In 1990, the world was, by most measures, a smaller and simpler place. Much of the planet was organized into clear and differentiated political, economic, and geographic areas and the options for a young engineer with an MBA were fairly straightforward and stable.
The global economy revolved around what happened in Europe, North America, and Japan. Beyond this, the area called “The rest of the World” was thought to be of little significance and was even less well understood.
The Soviet Union still dominated Eastern Europe and had client states across the Middle East, Asia and Africa. China was just emerging from its own internal struggles after the death of Chairman Mao and the Union Jack still flew over Hong Kong.
India was burdened with an outdated political and economic system and locked into a geo-political struggle with Pakistan and China while dealing with its own internal security problems and widespread poverty. It had little information systems capabilities.
Latin America was experiencing a profound shift from military to civilian rule in several countries but was still suffering from extreme inequality and sluggish economic growth.
Africa was collectively problematic as a number of different countries were still immersed in post-colonial struggles for power by different groups which were often linked to cold war geo-politics. South Africa alone was fairly prosperous but still committed to the system known as apartheid.
The industrial fabric of the advanced economies had, in hindsight, only begun its digital transformation and Apple had just launched its ground breaking Macintosh personal computer a couple of years before. The internet, such as it was, existed only in the world of scientific research and using email or lotus notes on a regular basis was considered advanced.
The environmental movement had achieved unprecedented protection for air and water quality in the western world but was still considered a relatively technical issue by most business leaders. Beyond the western democracies, many countries still had no environmental laws on the books or if they did, had woefully inadequate or incomplete inspection regimes.
30 years ago it felt like the world was something one could understand and choices could be made with some degree of certainty about what the future was likely to bring.
In hindsight, it is clear today that things were already starting to change although the changes were hard to see. Today, it appears evident that we are at an inflection point in human history. In this context my advice to is think through your own view as to what the future will look like and use that understanding to help in choosing the space, role and place that is right for you.
The good news is that we are living at the most prosperous time in human history from a global perspective. In my lifetime the world population has more than doubled and world GDP has increased about 15 times in terms of constant dollars. In 2018, 650 million people are still considered to be living in poverty but they only represent 8.7% of humanity. As a whole, we are wealthier than ever and live better, longer, and possibly even more meaningful lives.
The rise of global prosperity has, unfortunately, left many people in the industrial economies either where they were or even slightly behind as hundreds of millions of people have moved into the global middle class around the world and the very rich have gotten even richer.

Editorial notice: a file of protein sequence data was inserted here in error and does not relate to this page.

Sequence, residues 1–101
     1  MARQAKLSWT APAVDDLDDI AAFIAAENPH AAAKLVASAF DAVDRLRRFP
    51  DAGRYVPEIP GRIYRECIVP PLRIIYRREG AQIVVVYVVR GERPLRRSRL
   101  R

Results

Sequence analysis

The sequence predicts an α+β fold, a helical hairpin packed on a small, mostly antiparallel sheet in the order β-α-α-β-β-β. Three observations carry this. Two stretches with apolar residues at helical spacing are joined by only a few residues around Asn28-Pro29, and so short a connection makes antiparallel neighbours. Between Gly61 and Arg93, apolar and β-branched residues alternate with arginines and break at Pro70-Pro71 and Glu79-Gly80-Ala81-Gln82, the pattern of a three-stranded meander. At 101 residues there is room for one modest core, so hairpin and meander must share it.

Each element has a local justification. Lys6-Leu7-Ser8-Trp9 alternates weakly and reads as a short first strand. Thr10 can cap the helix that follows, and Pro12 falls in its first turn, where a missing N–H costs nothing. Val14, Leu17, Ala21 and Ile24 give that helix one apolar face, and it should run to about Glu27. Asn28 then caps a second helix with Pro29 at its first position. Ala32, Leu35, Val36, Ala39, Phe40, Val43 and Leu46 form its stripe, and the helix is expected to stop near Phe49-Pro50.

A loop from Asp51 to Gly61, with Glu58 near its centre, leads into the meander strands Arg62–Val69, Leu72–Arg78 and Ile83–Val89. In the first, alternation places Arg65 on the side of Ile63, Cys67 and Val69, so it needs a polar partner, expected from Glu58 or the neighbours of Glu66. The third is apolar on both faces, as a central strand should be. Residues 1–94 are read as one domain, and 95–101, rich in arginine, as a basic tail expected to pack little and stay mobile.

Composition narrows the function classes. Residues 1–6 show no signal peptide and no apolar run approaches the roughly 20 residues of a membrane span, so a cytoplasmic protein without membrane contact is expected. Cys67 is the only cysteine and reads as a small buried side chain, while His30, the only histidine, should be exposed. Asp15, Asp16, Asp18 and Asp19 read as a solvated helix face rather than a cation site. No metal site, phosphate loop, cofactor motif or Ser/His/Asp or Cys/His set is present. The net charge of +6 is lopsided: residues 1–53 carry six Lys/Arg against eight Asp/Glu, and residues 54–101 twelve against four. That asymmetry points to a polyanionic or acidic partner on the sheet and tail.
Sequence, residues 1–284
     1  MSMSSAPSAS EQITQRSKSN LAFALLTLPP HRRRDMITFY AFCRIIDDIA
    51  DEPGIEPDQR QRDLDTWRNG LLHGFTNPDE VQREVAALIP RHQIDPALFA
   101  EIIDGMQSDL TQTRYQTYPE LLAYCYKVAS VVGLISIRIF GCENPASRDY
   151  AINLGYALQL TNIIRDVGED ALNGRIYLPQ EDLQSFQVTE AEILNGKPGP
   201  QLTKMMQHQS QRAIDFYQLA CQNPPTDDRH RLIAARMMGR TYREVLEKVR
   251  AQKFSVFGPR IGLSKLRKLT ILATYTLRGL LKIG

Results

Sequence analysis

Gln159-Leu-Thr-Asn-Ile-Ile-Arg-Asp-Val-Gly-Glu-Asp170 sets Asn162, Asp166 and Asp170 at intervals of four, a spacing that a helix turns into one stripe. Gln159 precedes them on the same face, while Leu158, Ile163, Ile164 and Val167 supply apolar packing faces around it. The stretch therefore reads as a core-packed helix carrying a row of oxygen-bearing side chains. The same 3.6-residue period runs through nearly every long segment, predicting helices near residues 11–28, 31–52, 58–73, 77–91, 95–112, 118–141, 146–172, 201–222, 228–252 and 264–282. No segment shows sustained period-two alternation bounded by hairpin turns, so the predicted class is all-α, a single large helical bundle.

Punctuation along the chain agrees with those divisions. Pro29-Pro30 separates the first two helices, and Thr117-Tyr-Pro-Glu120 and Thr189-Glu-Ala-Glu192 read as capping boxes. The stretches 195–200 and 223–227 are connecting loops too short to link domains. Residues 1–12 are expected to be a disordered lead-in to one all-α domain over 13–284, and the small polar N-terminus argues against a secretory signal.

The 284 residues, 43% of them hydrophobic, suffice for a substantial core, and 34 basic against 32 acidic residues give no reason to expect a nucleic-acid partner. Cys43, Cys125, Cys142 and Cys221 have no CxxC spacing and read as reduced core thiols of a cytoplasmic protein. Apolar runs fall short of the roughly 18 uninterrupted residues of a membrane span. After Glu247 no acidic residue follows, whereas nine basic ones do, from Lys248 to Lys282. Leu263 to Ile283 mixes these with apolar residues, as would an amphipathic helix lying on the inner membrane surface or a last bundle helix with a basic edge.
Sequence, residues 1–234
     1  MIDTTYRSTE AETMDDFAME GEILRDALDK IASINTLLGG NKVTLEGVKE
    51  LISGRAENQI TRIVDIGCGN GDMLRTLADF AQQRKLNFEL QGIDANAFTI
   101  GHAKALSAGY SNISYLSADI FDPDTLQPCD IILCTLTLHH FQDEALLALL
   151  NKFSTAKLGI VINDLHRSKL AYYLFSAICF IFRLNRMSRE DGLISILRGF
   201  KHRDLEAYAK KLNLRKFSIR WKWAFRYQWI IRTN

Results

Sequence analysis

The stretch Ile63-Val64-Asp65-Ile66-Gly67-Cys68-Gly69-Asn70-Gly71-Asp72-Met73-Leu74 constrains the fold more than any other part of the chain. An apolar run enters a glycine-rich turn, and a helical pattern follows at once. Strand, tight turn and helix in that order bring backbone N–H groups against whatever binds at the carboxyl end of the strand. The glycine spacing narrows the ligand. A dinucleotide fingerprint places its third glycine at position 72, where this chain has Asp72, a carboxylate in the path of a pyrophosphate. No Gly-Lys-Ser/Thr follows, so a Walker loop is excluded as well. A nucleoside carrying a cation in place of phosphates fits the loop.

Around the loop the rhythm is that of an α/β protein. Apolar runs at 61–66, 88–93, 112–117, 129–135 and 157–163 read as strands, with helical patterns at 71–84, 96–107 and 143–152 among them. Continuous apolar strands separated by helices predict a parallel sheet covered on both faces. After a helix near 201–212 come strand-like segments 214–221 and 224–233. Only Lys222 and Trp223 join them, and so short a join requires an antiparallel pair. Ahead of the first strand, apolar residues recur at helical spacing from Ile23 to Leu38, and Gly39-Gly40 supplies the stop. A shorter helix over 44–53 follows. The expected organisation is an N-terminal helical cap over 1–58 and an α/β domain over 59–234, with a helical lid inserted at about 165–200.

The world also faces enormous challenges as we consolidate these gains and continue to expand in terms of wealth and sheer numbers of people. Issues include air and water pollution as well as the consequences of climate change, fractious politics and geo-political tensions, and a number of other social and economic issues such rising inequality and the rising cost of health care.
At the same time, potentially transformative digital technologies offer promise and hope for many of the problems facing the world but can also cause disruption to industries, companies and individuals as they affect the industrial and social fabric of society.
Given the unknown nature of the future some people might either despair or simply ignore the trends around them and hope things will somehow work out. In my view it is better to look at the trends think about how they may impact you and your friends and family.
While there are a number of issues facing the world, the three trends that I believe will have the most significant impact on our future are changing geo-politics, digitalization and automation and the largely negative evolution of the natural environment.
The one thing we can be sure of is that the future will be different than today. In many aspects of our personal and professional life, things are changing faster and faster. In this context, the choice of not even thinking about the future is, in my view, irresponsible especially if you have significant family responsibilities. The question is really how can you develop a view as to what the future will look like which is sufficiently solid to make real plans with respect to your professional life.
Peace is an essential pre-condition for human development and there may be serious problems in different parts of the world over the next five to 50 years.
Digitalization, automation and the massive introduction of artificial intelligence will have an enormous impact on the nature of work and the your professional choices.
Air and water pollution, resource scarcity, and climate change will impact the industrial fabric of the world as well as the quality of life in many places.